• 2003 Died: Nicolas Freeling, English author, best known for series of detective novels about Van der Valk. A television series based on his novels were produced in Britain by Thames Television during the 1970s and revived again in the 1990s.
  • 1999 Died: Sandra Gould, American actress, mainly appeared in television shows. One of her greatest roles was as Gladys Kravitz on the sitcom Bewitched.
  • 1999 The Chinese Communist Party began a persecution campaign against Falun Gong, Chinese spiritual practice for mind and body. The Communists saw in Falun Gong a potential threat due to its size and independence from the state, that is why they arrested thousands of its followers across China.
  • 1988 Born: Julianne Hough, American dancer, singer, and actress. She is a two-time professional champion of ABC's Dancing with the Stars.
  • 1980 Born: Gisele Bündchen, Brazilian model and actress, the Goodwill Ambassador for the United Nations Environment Programme. Gisele was the first Brazilian model to find international success, she starred in Taxi and The Devil Wears Prada. Claudia Schiffer and Naomi Campbell stated, that Bündchen is the only remaining true supermodel.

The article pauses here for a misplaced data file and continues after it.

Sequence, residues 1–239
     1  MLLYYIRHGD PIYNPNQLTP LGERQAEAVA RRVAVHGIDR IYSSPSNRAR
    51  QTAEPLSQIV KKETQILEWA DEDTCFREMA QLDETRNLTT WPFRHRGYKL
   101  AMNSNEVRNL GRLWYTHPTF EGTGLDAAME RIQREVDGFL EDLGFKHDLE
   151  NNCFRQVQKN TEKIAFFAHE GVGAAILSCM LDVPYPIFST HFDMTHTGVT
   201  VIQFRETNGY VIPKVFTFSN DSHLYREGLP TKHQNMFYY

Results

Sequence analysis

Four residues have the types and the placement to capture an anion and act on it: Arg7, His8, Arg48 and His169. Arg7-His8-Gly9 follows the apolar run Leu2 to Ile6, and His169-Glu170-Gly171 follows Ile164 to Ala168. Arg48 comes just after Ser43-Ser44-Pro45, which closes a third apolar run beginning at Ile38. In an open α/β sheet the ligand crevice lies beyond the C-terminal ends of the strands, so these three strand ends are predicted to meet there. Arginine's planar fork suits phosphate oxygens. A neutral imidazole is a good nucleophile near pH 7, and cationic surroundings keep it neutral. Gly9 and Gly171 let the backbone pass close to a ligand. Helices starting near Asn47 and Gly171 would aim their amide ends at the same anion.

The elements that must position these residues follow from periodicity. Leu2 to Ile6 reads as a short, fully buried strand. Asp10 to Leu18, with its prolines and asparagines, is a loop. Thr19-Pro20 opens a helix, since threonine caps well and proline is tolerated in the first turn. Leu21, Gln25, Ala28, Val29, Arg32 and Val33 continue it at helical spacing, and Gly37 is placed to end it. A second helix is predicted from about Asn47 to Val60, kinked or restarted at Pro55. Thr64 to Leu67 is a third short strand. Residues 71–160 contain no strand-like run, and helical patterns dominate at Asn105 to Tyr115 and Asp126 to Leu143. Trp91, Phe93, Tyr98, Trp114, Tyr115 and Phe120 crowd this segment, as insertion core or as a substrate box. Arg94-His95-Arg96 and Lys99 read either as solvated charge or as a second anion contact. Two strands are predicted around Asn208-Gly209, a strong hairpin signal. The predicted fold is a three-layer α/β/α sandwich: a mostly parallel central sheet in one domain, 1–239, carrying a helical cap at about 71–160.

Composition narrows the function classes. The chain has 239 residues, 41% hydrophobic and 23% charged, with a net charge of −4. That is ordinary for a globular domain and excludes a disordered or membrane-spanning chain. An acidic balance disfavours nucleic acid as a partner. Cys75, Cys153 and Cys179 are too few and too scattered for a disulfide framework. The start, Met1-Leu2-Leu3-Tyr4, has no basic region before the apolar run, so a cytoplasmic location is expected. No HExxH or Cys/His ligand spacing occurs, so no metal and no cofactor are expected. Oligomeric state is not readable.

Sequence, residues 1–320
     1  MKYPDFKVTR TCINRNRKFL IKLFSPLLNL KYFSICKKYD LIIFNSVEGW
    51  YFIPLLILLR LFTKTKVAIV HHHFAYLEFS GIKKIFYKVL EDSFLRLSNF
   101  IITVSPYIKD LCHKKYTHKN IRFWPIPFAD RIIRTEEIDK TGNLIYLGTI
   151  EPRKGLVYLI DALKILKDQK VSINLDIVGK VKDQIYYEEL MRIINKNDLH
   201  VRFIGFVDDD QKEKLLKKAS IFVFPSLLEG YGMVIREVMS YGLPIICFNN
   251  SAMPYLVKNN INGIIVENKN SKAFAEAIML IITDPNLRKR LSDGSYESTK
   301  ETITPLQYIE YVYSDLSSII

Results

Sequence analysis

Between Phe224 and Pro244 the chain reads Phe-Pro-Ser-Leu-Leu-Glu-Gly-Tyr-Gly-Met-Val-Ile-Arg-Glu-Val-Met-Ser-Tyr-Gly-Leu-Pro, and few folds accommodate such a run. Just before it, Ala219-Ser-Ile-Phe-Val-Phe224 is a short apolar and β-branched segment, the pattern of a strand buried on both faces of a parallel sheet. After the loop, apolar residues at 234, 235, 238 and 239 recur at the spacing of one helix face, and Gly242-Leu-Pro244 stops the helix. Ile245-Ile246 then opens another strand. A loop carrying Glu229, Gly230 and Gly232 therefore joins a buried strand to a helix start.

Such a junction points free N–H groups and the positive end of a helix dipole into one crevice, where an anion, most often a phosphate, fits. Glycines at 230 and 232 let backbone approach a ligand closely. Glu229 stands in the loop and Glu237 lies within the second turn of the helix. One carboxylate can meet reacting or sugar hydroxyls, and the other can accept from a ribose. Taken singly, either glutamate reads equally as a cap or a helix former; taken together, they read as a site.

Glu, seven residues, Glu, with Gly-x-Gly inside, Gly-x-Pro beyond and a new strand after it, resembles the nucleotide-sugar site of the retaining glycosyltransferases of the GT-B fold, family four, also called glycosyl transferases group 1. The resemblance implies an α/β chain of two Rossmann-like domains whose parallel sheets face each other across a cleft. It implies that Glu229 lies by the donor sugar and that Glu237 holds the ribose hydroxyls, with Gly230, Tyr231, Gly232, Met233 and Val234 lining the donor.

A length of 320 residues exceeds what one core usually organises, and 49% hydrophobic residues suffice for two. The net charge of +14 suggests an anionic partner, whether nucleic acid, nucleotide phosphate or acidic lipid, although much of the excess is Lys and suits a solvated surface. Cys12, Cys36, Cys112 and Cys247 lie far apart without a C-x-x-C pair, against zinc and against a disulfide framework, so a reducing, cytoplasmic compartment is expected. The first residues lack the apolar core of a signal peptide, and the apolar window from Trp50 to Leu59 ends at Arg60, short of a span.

• 1977 The Central Intelligence Agency of the USA released documents under the Freedom of Information Act, revealing it had engaged in mind control experiments.
  • 1976 The American Viking 1 spacecraft successfully landed on Mars.
  • 1973 Died: Bruce Lee, American actor and martial artist, widely considered to be one of the most influential martial artists of all time and a pop culture icon of the 20th century.
  • 1973 Born: Omar Epps, American actor, rapper, and producer. He starred in many films, including Major League II, Juice, Higher Learning, Scream 2, The Wood, In Too Deep, and Love and Basketball. He is also known for role as Dr. Eric Foreman on the medical drama series House.